Free Prescriptions: Another Ploy By The Evil Corporations


I wonder what the corporations-are-evil crowd will think about the news that Meijer is giving out certain prescriptions for free. No strings attached.

This no-strings-attached program means that any customer, regardless of insurance or co-pay, can take their prescription to any Meijer pharmacy and receive their designated antibiotic free of charge. There is no card required, no membership to purchase, no minimal charges, no special forms to fill out and no fees to pay.

Actually, I know how they will spin this as evil. They will pick up on this story, which is already criticizing the program.

The free antibiotics program is an obvious boon to wage earners squeezed by soaring medical costs. But it also could accelerate the spread of the drug-resistant bacteria already worrying medical authorities in metro Detroit and elsewhere.

By election 2012, politicians will be complaining about the "big corporations" that promoted the growth of superbugs. Sometimes you just can't win.

  • Travis

    This post was really useless speculation about what other people might think. lame.

  • Dave

    Your comment was useless, unintelligent, void of relevant information, and contributed nothing to the article or the conversation. Lame.

  • Rob

    Hey Travis,
    You get what you pay for ;)

  • Dickerson’s conclusion in the DFP regarding resistance is illogical and seems more rooted in his personal ideology than economics. Meijers, Wal-Mart, or Walgreens just distribute the drugs; doctors prescribe them. If a drug resistance were to occur, the blame lies with doctors and the patients who fail to manage their own health. If these firms want to give drugs away to get customers in the door, this is capitalism at it’s best.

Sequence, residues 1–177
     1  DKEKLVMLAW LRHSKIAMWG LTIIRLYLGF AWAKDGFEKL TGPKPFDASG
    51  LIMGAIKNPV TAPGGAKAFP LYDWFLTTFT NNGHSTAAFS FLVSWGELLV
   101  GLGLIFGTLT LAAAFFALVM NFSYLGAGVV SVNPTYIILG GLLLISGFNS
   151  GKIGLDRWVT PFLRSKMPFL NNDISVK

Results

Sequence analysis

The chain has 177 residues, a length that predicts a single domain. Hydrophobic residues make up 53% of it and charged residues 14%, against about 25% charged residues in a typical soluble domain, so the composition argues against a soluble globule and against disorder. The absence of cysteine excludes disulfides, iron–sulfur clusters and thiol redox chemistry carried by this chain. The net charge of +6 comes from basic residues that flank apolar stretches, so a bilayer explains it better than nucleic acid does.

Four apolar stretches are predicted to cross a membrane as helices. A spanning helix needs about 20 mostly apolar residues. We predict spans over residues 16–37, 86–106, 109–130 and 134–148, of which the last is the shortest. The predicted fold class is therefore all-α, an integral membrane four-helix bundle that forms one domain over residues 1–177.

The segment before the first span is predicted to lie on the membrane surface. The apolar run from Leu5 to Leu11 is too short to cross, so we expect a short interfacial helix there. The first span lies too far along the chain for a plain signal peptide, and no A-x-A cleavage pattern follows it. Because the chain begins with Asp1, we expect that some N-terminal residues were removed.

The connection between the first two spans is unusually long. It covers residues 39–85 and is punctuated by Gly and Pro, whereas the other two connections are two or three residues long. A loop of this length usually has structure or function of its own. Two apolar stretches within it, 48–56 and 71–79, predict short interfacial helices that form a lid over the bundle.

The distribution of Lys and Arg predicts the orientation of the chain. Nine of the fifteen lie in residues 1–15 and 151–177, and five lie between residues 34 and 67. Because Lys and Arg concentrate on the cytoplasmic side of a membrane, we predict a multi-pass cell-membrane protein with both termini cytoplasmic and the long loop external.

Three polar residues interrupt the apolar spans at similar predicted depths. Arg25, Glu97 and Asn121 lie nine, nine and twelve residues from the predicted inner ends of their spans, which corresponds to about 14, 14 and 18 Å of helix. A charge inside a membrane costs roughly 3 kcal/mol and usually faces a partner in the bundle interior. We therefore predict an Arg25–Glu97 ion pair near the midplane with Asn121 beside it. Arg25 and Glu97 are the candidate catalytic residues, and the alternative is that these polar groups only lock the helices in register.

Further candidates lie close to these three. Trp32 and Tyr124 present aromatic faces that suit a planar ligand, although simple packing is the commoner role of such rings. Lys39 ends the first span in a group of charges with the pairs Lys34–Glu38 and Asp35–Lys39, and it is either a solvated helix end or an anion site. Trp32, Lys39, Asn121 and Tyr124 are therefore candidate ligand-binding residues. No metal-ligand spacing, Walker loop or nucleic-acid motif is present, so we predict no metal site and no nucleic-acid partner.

• Anonymous


    First the disclaimer: I have worked for peace through justice NGOs. So I have more than a few friends who distruct corporations.

    However, I worked with NGOs because I have a history of success. And as an entrepreneur and before that a former manager at several large corporations, I believe in business and in capitalism. The NGOs for whom I worked wanted their marketing and PR efforts to be more business-like.

    Since I have experience in both arenas, I bring a perspective that may be missing here. As I mentioned, I have friends and have worked with folks who distrust large corporations, with an emphasis on large. I have never met anyone who hates corporations of any size. If they exist, I suspect that number is quite small. I also suspect that if they had an elder or ill relative who has benefitted from discount or free meds, their attitude would change quickly.

  • It seems to me that this program would discourage the spread of disease because free antibiotics means that more people will be able to obtain them, instead of just “living with” the sickness and spreading it to others.